Thank you nice! That's very encouraging - especially as I've been particularly lopsided lately and feel I've been posting rubbish (can't seem to get to the point...). Never mind!

Yes, I suppose if you've dipped below the line, gone to the depths, you do get to recognise when others do, too.

I am a huge fan of peer support. If yous can find others who have experienced similar it is a great relief to spend time with them - even if you don't talk about The Thing, it is so freeing to be in the presence of others who know exactly what it's like so you don't have to explain. Plus you are accepted as a rounded human being, not just someone who has had A Terrible Thing happen to them.

nicenewdusters Fri 15-Apr-16 16:06:27

Yes, you don't want to be defined by The Thing, I know what you mean, but it's so refreshing to be amongst others similarly affected.

I don't think personally I'll ever find the answer to this dilemma in my own life. For me it was an event, not ongoing, but that has shaped my life in all ways possible. I am largely at peace with it, I speak with my immediate family about it and that's enough for me.

I accept that most of my friendships will, for me, always be missing a large part of that which has defined much of my life. But I find that easier to accept than to constantly navigate who to tell, when, how much, how do they seem to be reacting etc.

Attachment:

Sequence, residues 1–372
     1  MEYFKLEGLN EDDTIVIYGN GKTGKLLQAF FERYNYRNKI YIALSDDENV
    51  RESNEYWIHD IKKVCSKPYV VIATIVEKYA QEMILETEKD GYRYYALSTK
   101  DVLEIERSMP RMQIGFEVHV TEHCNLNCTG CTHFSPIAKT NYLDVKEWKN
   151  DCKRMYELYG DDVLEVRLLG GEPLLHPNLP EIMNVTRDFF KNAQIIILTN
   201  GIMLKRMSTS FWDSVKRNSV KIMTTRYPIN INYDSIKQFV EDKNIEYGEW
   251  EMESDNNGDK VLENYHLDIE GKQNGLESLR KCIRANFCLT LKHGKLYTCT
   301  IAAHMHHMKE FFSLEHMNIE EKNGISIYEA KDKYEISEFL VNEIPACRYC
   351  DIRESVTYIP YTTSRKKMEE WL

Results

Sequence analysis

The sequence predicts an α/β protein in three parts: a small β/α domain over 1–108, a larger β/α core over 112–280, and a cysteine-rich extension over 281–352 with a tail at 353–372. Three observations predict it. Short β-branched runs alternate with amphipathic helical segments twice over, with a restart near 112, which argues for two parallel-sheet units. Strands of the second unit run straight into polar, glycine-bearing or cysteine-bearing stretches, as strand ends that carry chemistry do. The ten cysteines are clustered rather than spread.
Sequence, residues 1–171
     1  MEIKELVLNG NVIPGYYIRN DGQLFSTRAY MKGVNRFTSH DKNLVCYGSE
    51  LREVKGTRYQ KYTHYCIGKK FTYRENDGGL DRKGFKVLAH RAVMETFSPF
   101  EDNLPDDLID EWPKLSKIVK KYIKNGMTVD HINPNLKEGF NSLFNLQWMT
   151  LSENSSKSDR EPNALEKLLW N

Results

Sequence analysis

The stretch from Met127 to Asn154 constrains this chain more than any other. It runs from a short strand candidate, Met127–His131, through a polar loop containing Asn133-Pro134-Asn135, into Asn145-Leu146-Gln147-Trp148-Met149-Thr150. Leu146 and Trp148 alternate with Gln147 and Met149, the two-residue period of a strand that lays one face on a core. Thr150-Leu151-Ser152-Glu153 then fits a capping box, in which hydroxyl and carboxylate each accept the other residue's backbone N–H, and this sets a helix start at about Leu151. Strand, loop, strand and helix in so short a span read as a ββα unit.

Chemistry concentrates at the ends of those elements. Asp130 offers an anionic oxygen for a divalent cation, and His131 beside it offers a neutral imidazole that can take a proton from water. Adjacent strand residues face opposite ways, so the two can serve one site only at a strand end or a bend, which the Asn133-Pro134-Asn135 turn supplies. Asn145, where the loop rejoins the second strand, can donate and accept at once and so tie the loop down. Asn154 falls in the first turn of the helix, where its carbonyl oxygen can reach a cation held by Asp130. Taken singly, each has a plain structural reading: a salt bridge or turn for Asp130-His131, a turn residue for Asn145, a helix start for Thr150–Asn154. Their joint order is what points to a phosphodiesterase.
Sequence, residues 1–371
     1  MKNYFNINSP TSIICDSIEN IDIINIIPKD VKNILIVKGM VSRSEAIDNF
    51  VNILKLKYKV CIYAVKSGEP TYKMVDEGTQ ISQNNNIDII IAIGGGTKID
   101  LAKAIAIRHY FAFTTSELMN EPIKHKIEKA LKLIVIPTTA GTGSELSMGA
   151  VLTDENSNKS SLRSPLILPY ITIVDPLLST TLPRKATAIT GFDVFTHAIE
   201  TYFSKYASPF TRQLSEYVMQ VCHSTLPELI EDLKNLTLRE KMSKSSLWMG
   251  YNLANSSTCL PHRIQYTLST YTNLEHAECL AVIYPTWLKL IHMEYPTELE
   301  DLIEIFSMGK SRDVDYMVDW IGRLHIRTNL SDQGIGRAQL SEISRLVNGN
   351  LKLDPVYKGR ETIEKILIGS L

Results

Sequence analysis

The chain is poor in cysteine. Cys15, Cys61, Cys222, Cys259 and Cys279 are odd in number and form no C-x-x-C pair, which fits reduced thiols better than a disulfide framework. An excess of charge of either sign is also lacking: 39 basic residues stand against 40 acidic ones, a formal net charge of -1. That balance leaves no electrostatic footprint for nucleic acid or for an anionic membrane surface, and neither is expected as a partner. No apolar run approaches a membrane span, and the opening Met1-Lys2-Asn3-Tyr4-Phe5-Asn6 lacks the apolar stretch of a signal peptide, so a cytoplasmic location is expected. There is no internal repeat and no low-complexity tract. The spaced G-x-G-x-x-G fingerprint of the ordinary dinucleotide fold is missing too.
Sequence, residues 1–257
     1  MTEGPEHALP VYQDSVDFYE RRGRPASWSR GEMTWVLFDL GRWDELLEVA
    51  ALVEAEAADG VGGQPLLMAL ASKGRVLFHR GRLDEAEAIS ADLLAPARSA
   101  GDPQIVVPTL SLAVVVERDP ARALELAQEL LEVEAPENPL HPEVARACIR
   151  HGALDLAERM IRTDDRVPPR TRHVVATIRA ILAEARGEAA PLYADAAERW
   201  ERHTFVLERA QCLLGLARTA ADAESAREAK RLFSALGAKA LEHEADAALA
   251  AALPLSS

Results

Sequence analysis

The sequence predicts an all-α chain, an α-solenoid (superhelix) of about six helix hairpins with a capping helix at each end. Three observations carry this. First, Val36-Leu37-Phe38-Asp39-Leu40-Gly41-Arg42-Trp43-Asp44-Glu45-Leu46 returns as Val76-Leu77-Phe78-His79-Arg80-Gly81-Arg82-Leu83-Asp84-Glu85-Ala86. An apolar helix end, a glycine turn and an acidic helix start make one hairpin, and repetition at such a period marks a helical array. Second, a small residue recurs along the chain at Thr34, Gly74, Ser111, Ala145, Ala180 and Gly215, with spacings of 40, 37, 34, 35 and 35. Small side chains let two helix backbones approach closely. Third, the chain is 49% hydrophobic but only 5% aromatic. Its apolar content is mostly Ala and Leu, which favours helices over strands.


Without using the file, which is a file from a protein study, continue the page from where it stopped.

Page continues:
I hope your period of lopsidedness begins to even out some time soon x

springydaffs Fri 15-Apr-16 17:09:31

Thank you nice (again!).

I've been thinking lately about not being defined by it - because, in reality, I am defined by it as it is ongoing. It is a huge fact about my life (sorry to be vague) - but does it have to be the top story? It feels like the top story - but I have to live; and perhaps putting it in a box [marked The Thing] might be a way forward.

Perhaps those who have had A Terrible Thing as a past event may feel they are not giving due respect to it by filing it away. Perhaps we feel we have to 'hold it' somehow in the present. Plus there is the fear of denial - which I feel, anyway.

I wonder what is the healthy balance on this: yes it happened/is happening but where to put it?

I'm musing about this because is it really important that people know about it? Is it disloyal to not inform them - or does it preclude intimacy if we don't let them know what happened - or that something happened? Perhaps we could say something big happened - if we feel the need to address it at all - but we're not going to go into detail. So maybe that flags up there is Something...

The lopsidedness is, of course, grief. As with any grief we want to honour what we are grieving. So hard when we feel compelled to keep quiet.